‘I, Frankenstein’ better off dead

By Karsten Burgstahler

In an early sequence during Stuart Beattie’s new film, “I, Frankenstein” (Rated PG-13; 93 Min.), Bill Nighy’s character informs a scientist played by Yvonne Strahovski that “Time is fleeting. I’d rather you not waste mine.”

Beattie uses that quote as his mantra for making this film, taking to heart that “time is fleeting” as he races through scene after scene of blinding action and nonsensical dialogue while seemingly forgetting the part about not wasting our time. “I, Frankenstein” is, in fact, a giant black hole that will suck time you would have been more entertained using to watch C-SPAN.

“I, Frankenstein” is the latest in a series of Hollywood films attempting to put a contemporary spin on gothic scientific tales. The central character of Mary Shelley’s “Frankenstein” would have been enough for an interesting update, so why Beattie decided to choose this particular adaptation, from the graphic novel by Kevin Grevioux that throws angels and demons into the mix, is dumbfounding — he doesn’t give these additions much symbolic relevance. They simply exist to fight.


Aaron Eckhart plays Adam, the name given to Frankenstein’s monster, who was given life some 200 years ago. He discovers demons want to dissect him to figure out how he came back to life so they can use salvaged bodies to resurrect the demons and the angels the good guys have managed to put down. This sounds even more ridiculous writing it out.

There have been thoroughly effective modern tales of myths that have come out recently, most notably 2007’s “300,” which made director Zack Snyder a household name. While “300” is far from historically accurate, it did tell a story of men who were obsessed with war and needed it to live, paralleling a war which deeply divided the American public. It also brought a hyper-stylistic brand of filmmaking and applied it to the tale, successfully contemporizing the ancient story.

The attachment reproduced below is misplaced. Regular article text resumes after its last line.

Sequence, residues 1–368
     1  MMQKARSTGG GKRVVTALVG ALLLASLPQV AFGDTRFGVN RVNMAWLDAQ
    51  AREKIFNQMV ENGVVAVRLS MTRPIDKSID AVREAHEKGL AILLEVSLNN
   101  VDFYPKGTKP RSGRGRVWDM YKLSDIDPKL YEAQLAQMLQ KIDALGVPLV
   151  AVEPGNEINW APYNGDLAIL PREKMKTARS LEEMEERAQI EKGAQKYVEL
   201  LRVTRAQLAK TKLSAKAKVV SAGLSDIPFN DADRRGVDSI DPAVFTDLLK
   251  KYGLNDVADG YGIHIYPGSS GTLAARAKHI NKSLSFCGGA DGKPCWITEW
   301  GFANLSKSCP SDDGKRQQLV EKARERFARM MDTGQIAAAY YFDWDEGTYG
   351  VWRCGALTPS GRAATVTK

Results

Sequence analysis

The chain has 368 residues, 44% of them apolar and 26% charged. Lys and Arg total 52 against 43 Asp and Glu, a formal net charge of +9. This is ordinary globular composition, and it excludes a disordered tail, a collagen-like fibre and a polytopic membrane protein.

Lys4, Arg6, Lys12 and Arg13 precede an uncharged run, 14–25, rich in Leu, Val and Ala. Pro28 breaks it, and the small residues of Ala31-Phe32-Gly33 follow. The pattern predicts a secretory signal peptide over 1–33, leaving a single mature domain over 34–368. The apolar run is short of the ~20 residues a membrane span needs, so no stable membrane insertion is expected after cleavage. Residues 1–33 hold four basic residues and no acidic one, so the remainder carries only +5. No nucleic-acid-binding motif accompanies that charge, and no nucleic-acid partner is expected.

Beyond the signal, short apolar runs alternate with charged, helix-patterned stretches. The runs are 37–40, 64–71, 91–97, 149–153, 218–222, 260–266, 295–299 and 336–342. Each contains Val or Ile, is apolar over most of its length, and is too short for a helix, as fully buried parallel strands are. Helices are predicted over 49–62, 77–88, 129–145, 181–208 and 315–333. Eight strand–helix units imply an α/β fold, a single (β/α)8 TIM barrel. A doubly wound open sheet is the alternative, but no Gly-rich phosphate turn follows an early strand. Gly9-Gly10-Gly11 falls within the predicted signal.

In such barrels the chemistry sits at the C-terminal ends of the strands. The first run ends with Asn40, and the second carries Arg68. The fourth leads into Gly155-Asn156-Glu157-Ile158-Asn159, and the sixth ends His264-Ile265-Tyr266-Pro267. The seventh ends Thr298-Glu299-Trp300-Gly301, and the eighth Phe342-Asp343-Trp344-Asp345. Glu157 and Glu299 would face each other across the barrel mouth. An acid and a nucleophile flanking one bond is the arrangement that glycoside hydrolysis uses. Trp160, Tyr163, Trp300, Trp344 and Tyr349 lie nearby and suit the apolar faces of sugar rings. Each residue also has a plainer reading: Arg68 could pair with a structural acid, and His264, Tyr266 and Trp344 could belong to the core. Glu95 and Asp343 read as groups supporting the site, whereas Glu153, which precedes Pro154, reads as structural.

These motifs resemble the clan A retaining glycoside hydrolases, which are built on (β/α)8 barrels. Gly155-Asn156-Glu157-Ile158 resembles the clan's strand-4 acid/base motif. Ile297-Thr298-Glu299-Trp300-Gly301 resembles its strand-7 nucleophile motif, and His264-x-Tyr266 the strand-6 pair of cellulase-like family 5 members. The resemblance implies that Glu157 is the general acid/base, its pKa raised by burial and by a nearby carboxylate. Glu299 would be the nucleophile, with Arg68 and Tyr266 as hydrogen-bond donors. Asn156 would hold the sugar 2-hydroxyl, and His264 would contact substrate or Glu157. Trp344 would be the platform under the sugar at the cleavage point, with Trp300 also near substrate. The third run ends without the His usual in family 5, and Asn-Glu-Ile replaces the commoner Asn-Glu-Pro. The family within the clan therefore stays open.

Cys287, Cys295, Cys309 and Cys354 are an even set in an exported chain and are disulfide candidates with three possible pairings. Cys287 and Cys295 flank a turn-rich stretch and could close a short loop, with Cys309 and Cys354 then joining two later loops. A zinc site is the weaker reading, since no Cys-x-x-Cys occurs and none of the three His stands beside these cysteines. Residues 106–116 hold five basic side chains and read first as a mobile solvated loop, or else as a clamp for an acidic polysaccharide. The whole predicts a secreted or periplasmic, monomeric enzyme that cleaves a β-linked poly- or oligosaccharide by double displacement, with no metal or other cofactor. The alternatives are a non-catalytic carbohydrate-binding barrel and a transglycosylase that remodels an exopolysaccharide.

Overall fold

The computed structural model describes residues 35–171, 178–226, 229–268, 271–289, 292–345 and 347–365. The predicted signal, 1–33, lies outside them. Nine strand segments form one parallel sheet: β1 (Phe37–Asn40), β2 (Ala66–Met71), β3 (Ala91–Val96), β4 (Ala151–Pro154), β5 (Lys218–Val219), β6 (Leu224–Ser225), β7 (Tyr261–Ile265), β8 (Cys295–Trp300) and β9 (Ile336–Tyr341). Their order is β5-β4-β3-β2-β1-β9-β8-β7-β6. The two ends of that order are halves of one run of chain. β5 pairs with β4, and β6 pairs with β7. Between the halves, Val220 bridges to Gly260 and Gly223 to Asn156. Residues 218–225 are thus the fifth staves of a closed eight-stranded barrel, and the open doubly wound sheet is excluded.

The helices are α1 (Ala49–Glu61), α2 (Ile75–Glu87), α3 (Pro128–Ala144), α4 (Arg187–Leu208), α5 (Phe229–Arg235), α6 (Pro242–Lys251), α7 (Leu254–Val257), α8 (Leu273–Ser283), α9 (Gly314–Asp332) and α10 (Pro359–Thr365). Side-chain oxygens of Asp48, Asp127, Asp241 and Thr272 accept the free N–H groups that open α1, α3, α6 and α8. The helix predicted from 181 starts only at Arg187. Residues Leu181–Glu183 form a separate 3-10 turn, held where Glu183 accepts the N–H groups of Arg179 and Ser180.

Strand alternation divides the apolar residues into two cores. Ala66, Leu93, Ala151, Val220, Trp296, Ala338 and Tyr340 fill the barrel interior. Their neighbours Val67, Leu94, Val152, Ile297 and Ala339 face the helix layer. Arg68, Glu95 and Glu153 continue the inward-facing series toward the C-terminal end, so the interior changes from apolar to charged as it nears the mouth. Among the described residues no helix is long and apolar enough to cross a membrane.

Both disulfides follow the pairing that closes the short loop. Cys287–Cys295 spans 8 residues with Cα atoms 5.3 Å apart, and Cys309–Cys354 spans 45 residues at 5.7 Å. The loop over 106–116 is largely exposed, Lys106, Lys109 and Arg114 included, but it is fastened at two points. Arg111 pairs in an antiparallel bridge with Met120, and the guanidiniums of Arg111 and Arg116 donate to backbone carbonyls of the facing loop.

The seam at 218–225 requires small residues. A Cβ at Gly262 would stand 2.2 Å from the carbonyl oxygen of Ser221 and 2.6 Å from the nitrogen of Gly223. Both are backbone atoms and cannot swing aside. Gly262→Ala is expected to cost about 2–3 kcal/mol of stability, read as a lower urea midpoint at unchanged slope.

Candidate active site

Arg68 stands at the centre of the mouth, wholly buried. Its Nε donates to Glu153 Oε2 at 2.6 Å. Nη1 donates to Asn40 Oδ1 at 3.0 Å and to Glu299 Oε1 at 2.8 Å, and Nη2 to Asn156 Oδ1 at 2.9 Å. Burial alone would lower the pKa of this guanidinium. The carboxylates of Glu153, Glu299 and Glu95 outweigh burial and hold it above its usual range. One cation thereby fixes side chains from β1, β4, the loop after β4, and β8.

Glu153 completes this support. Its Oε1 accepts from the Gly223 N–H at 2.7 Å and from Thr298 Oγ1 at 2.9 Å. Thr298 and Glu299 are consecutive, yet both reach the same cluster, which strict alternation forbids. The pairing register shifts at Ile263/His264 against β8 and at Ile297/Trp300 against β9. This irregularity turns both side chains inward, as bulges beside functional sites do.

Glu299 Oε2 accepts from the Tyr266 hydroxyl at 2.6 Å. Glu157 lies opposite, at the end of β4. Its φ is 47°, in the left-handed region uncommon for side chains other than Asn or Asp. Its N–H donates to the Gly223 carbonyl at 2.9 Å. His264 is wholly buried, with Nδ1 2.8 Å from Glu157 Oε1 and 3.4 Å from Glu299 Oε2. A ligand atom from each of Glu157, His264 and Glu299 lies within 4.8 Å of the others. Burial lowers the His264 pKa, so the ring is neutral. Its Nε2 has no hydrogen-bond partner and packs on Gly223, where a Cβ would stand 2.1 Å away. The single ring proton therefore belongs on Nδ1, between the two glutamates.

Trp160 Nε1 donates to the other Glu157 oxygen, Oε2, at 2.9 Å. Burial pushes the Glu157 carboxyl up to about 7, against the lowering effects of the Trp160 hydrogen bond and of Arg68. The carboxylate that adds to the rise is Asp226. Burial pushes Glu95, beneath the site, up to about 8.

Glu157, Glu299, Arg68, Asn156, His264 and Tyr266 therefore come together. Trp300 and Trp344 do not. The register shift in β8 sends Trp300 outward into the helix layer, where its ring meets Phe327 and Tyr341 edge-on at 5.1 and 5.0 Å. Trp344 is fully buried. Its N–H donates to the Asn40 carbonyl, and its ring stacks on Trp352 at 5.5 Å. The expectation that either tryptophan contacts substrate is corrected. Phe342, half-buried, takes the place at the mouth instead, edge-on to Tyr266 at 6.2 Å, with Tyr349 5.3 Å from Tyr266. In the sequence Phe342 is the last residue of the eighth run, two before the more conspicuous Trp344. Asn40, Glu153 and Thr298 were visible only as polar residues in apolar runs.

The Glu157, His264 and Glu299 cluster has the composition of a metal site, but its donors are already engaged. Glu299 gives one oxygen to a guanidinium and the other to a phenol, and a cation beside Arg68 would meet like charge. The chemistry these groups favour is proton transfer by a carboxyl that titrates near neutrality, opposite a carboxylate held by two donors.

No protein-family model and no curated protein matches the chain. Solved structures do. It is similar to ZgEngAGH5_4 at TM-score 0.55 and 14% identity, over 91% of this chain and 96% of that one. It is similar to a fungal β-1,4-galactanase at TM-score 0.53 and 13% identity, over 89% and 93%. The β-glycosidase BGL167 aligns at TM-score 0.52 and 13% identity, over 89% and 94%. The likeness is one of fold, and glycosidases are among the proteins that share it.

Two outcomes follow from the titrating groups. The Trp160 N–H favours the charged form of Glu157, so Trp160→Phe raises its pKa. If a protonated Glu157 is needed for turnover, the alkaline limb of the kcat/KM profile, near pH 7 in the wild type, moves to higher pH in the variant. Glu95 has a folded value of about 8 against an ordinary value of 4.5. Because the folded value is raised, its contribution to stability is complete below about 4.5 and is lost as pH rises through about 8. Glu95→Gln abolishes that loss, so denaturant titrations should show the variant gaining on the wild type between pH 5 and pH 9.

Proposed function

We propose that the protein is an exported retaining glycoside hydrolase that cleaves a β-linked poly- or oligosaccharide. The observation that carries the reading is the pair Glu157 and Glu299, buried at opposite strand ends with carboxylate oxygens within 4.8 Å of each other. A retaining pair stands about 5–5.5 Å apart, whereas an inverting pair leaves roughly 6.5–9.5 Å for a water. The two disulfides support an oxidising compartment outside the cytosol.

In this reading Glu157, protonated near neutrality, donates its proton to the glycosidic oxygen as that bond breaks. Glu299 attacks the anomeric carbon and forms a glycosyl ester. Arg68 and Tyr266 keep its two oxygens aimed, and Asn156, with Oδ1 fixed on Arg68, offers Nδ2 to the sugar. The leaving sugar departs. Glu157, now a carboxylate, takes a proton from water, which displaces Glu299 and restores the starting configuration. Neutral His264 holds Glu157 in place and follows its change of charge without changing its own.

Then there are less successful tales, like 2010’s “Legion,” in which Paul Bettany plays an angel at war with God and trying to protect a boy who can apparently overpower God. Also, Dennis Quaid’s character has a son named Jeep.

But “I, Frankenstein” is not even so bad it’s funny. It is simply grating and does not offer up any new filmmaking techniques or storytelling devices to build our knowledge of these neo-gothic pieces. It is so focused on plot exposition that nearly every line of dialogue is an attempt to explain the plot. If Beattie were not so concerned with shoehorning in so many different elements, he wouldn’t need this sort of dialogue.

About the only reliable actor here is Bill Nighy, who plays Naberius, apparent lord of the demons. Nighy chews on his dialogue and is somewhat menacing for the first half of the film, but as the script begins to insist he transform into a ghoulish demon he becomes laughable. Nighy is such a diverse actor he can take on corny plotlines like he did in the “Pirates of the Caribbean” movies, or more serious roles, as he did in November’s overlooked “About Time” and has no problem owning what he’s been given. That’s why “I, Frankenstein” isn’t his fault.

Maybe instead of crucifying “I, Frankenstein” for its horrendous contents, it is better to look at the film from the vantage point of missed opportunities. As a human race, we’re obsessed with resurrection and whether or not there is life after death. We struggle with our beliefs and the gap between relying on our own reason and putting faith in God. “I, Frankenstein” does focus some of its efforts on rebirth, but there certainly could have been more of a human element of turning a regular person into a believer. The closest the audience gets is Strahovksi’s character, Terra, a scientist who one minute says she doesn’t believe in demons but the next sees one and accepts everything about religion. Giving Terra more to grapple with would have added another dimension to the film.

“I, Frankenstein” did not have to waste our time. It could have been an interesting update of a character whose major characteristic, immortality, is an obsession in our culture, but the writers refuse to let the movie be anything more than schlock and cut-rate special effects, pushing the film over the edge and into the garbage can.


Karsten Burgstahler can be reached at [email protected], on Twitter @kburgstahler_DE or by phone at 536-3311 ext. 254.